Word of the Day

Friday, August 10, 2018

agora

[ ag-er-uh ]

noun

the place where a popular political assembly met in Ancient Greece, originally a marketplace or public square.

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What is the origin of agora?

In Greek agorá originally meant “assembly,” especially of the common people, not of the ruling class. Agorá gradually developed the meanings “marketplace, the business that goes on in the marketplace, public speaking.” The Greek noun is a derivative of the verb ageírein “to gather,” from the Proto-Indo-European root ger-, gere- “to gather, collect,” source also of Latin grex “flock, herd,” with its English derivatives aggregate, egregious, and gregarious. Agora entered English in the late 16th century.

how is agora used?

In the fall of 1964, left-wing students at U.C. Berkeley demanded the right to hand out antiwar literature on Sproul Plaza, the red brick agora at the center of the campus.

Andrew Marantz, "How Social-Media Trolls Turned U.C. Berkeley Into a Free-Speech Circus," The New Yorker, July 2, 2018

… it has become a commonplace among ancient historians to single out the agora as the political centre of the polis where the people met to make all important decisions or, in oligarchies and tyrannies, to rubber stamp the decisions made by the rulers.

, "The Agora as the Political Centre of the Polis," The Polis as an Urban Centre and as a Political Community, Symposium, August 29–31, 1996
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Thursday, August 09, 2018

littoral

[ lit-er-uhl ]

adjective

of or relating to the shore of a lake, sea, or ocean.

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What is the origin of littoral?

English littoral comes from the Latin adjective littorālis (lītorālis is more correct), a derivative of littor- (lītor-), the inflectional stem of lītus (littus) “shore, shoreline.” In general littoral is used for technical subjects, e.g., geography, biology. The one exception is the common noun lido meaning “fashionable beach resort,” and the somewhat less fashionable “public open-air swimming pool.” Lido comes directly from Venetian Italian Lido (di Venezia) (from Latin lītus), the name of a sandbar or chain of sandy islands between the Lagoon of Venice and the Adriatic, the site of the annual Venice Film Festival. Littoral entered English in the 17th century.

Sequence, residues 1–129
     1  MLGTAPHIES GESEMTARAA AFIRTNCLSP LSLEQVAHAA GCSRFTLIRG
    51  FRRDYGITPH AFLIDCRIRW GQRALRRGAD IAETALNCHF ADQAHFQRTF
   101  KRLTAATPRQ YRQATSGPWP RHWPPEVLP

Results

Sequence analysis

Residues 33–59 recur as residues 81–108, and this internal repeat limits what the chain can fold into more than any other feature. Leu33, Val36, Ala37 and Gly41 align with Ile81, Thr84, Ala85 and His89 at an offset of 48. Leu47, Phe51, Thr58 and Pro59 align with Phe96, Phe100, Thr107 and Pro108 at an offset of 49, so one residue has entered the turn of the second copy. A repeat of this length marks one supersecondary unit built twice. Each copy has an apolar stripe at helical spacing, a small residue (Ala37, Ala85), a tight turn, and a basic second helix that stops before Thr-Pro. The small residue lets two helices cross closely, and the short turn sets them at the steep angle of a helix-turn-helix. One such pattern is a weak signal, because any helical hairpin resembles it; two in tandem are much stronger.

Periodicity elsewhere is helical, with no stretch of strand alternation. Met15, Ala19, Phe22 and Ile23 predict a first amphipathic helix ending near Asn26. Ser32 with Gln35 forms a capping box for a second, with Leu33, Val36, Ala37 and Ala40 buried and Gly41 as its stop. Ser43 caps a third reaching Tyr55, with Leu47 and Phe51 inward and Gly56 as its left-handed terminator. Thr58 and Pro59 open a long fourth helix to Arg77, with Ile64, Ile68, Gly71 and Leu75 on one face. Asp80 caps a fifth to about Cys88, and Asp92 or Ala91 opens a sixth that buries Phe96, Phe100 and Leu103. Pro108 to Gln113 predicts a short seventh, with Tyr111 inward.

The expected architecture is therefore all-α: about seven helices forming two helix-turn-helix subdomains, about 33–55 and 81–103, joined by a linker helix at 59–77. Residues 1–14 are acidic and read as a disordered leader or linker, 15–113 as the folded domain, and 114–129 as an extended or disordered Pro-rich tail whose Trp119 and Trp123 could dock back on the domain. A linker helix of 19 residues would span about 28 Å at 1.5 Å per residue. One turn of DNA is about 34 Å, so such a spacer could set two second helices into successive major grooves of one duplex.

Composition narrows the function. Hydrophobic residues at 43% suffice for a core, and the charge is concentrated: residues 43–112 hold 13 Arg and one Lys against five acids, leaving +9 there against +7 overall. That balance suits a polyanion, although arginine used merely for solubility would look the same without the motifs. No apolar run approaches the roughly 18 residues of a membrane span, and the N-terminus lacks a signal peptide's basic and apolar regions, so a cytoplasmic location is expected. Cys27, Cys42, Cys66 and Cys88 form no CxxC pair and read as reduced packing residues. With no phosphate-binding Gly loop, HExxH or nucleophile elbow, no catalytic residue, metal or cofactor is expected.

how is littoral used?

The Center for Advanced Studies would be built–perhaps there was still some virgin littoral stretch and the building he envisaged could be nestled somewhere along this lake or the other–but there would be modifications in the plan.

Ralph McInerny, The Green Revolution, 2008

In another hour the horns of motors began to blow down from the winding road along the low range of the Maures, which separates the littoral from true Provençal France.

F. Scott Fitzgerald, Tender Is the Night, 1934
Wednesday, August 08, 2018

calescent

[ kuh-les-uhnt ]

adjective

growing warm; increasing in heat.

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What is the origin of calescent?

The English adjective calescent comes directly from Latin calescent-, the inflectional stem of calescēns, the present participle of the verb calescere “to become warm or hot,” a verb derivative of calēre “to be warm or hot.” In Latin the element -sc- in the present tense has inceptive force (i.e., “I am beginning to x”); thus the present tense of noscere (also gnoscere) means “I get to know, I find out” and is the source of English recognize, cognition, and other words. Calescent entered English in the early 19th century.

how is calescent used?

I’ve tested the misting fan’s potency in several clammy places, from subway stations to the congested, calescent queues at Disney World (where, on a stinking-hot day, I’d unwisely worn a boiler suit).

Laura Bannister, "The Misting Fan That Kept Me Cool at Disney World," New York, June 12, 2017

Otis’ earlier statements had been calm, but calescent anger foamed in him and was soon to explode.

Arelo C. Sederberg, The Dynamite Conspiracy, 2001

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